What difference does learning about your sexual and reproductive rights make in practice?
Making your own decisions about your health, your body and your sexual life are basic rights. But how do you claim these rights when everyone else around you thinks this is taboo? In Tunisia, activists have developed ways to break the silence about issues no one talks about.
“When I first got involved in the My Body My Rights campaign, whenever I would try to raise the issue of sexual and reproductive rights, my friends would stop me or refuse to listen”, says Sabri, 23, activist at Amnesty International Tunisia.
“Because of the influence of religion, of customs… Because this is something you just don’t talk about.”
In Tunisia advocating for sexual and reproductive rights represents a great challenge. Discussing sexual issues, accessing information, or reporting violence and abuses are still largely perceived as taboo.
Gender-based violence and discrimination against women on the other hand remain prevalent. In 2010 a government survey showed how nearly half of all women in Tunisia have experienced violence at least once in their lives. The legislation still fails to prevent it, and victims of sexual violence are too often told to deal with it.
So how do you break the silence surrounding discrimination and sexual and reproductive rights when no one wants to talk about it?
Making change possible through education, activists from Amnesty International Tunisia have shared three examples to show how human rights training is helping them build up new educational projects and reach out to other young people.
Sexual and reproductive rights on screen
Across the country, activists have set up trainings in universities for students to develop a critical understanding of sexual and reproductive rights.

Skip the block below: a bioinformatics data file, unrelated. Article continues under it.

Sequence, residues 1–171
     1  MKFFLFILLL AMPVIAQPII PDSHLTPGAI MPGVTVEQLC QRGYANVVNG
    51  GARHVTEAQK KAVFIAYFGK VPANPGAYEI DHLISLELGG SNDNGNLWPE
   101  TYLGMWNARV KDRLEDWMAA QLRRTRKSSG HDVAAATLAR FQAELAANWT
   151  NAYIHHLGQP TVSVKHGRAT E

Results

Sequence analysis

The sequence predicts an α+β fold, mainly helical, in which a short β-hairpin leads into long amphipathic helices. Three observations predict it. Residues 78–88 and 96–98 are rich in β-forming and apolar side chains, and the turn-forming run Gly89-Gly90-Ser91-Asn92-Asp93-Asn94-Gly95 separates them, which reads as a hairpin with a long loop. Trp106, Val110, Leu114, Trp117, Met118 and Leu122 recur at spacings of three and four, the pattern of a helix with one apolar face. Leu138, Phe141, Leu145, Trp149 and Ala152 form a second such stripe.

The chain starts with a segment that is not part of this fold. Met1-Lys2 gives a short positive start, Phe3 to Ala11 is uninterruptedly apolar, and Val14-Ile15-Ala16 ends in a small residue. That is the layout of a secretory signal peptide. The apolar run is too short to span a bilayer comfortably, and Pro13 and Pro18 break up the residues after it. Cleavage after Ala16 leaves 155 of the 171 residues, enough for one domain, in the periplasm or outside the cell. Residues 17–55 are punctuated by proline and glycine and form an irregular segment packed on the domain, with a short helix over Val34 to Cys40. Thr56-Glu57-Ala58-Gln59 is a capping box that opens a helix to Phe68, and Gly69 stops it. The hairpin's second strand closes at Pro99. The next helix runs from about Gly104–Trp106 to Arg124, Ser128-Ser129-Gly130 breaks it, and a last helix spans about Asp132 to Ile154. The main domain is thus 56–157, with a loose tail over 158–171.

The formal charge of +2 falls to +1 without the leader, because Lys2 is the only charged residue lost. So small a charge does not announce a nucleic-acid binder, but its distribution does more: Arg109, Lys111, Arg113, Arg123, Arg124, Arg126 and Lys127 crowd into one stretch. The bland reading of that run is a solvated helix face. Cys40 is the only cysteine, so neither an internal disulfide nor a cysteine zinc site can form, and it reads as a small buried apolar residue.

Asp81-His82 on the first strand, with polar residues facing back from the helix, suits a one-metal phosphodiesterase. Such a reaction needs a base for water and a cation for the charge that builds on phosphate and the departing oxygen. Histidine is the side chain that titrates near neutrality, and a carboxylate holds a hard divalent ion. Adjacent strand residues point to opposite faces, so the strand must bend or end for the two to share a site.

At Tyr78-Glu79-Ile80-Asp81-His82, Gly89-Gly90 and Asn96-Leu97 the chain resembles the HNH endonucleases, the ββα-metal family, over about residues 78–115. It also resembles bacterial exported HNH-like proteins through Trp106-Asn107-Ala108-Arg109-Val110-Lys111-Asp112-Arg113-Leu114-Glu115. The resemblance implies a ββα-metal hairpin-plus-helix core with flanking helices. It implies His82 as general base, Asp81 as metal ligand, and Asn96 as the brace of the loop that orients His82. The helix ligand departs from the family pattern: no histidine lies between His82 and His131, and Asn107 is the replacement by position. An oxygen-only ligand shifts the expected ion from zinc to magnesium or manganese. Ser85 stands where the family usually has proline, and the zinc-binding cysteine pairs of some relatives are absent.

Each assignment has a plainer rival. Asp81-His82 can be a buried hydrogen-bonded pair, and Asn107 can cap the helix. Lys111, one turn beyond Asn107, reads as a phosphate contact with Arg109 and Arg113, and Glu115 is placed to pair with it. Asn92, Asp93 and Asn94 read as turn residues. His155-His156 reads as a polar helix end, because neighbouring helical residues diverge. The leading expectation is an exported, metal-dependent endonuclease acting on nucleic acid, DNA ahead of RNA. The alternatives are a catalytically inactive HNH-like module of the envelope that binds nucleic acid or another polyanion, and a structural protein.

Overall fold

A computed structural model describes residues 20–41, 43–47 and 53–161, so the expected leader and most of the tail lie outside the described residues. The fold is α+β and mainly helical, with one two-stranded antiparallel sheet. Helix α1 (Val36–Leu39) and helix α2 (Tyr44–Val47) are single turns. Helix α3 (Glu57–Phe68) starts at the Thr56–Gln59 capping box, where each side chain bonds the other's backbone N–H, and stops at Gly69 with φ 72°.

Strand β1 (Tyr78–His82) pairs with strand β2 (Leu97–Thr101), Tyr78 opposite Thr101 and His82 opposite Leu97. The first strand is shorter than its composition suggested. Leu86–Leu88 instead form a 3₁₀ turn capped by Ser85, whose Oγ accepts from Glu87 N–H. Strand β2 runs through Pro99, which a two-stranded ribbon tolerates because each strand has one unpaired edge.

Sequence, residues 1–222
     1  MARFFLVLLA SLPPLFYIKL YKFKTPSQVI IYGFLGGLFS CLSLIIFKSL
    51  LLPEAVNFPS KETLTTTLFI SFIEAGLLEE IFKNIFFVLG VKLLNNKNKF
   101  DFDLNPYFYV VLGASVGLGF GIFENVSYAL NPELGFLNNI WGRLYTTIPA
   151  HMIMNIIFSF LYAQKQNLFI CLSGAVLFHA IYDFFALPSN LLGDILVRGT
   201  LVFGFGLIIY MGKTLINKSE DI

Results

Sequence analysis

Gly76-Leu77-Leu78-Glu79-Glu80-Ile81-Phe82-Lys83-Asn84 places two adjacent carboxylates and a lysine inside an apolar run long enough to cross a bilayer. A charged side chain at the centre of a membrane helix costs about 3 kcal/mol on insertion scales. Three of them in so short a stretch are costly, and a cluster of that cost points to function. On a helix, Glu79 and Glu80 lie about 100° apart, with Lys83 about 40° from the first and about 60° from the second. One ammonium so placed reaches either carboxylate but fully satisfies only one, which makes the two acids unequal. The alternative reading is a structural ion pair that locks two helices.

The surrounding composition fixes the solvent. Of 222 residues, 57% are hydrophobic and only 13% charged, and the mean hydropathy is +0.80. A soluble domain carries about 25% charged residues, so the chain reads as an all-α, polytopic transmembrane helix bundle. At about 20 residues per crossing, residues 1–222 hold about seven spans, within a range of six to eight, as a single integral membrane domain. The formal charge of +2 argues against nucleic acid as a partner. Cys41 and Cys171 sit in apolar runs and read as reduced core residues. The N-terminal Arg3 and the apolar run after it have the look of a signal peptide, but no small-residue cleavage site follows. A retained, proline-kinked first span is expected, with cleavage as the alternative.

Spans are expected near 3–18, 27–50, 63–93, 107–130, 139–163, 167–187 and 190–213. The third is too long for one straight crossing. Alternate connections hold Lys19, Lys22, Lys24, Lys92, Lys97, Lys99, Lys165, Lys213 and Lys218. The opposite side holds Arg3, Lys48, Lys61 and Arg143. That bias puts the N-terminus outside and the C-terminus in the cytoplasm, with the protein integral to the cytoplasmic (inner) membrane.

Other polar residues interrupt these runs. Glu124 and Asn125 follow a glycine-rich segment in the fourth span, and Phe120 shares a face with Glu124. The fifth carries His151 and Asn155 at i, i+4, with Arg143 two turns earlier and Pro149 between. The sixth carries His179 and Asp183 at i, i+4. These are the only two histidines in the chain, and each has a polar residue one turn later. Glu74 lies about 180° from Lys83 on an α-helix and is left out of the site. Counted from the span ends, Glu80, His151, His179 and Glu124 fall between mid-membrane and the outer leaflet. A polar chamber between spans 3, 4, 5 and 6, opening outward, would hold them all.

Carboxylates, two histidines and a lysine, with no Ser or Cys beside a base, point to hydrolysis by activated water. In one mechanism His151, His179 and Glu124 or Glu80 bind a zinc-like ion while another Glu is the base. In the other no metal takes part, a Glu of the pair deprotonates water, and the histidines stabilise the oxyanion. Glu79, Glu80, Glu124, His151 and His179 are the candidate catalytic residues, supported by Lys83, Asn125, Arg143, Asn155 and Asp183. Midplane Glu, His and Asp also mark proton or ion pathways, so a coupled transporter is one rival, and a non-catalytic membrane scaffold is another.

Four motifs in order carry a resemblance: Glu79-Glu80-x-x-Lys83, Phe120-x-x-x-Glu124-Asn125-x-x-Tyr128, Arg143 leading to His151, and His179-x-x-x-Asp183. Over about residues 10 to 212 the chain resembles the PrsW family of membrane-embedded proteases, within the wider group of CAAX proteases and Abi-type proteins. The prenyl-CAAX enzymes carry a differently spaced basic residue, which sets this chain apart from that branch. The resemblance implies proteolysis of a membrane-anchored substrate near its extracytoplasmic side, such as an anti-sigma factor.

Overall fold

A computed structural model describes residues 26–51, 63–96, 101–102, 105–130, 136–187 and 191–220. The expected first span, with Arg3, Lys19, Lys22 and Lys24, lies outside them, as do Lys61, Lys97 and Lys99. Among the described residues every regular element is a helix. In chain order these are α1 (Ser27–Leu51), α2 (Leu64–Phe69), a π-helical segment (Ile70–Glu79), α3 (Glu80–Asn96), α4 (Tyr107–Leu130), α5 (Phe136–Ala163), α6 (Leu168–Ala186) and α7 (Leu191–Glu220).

During filmmaking workshops, they use images to help students express on screen what they see happening in real life and use fiction to depict what discrimination means to them.
“We’ve found this is a good way to get students to express themselves about sexual and reproductive rights. The movies, directed for and by students, show their concerns on themes such as sexual harassment, violations occurring in their lives, or why women feel they cannot exercise the same rights as men,” says Sabri.
Seif, 23, one of the monitors , notes the impact this form of training has had on students in the cities Gafsa and Tozeur:
“We are trying to create a safe space for people to discuss the topic of sexual and reproductive rights, which is challenging because of different factors, like the fact that the majority of the people are conservative, or because of the influence of religion. After the session we noticed young people started changing their attitude and the way they behave towards sexual and reproductive rights, they also engage with others and change the behaviours of their friends and relatives."
In total students directed 19 short films which were aired at this year’s first edition of the human rights film festival, launched to support the students’ work.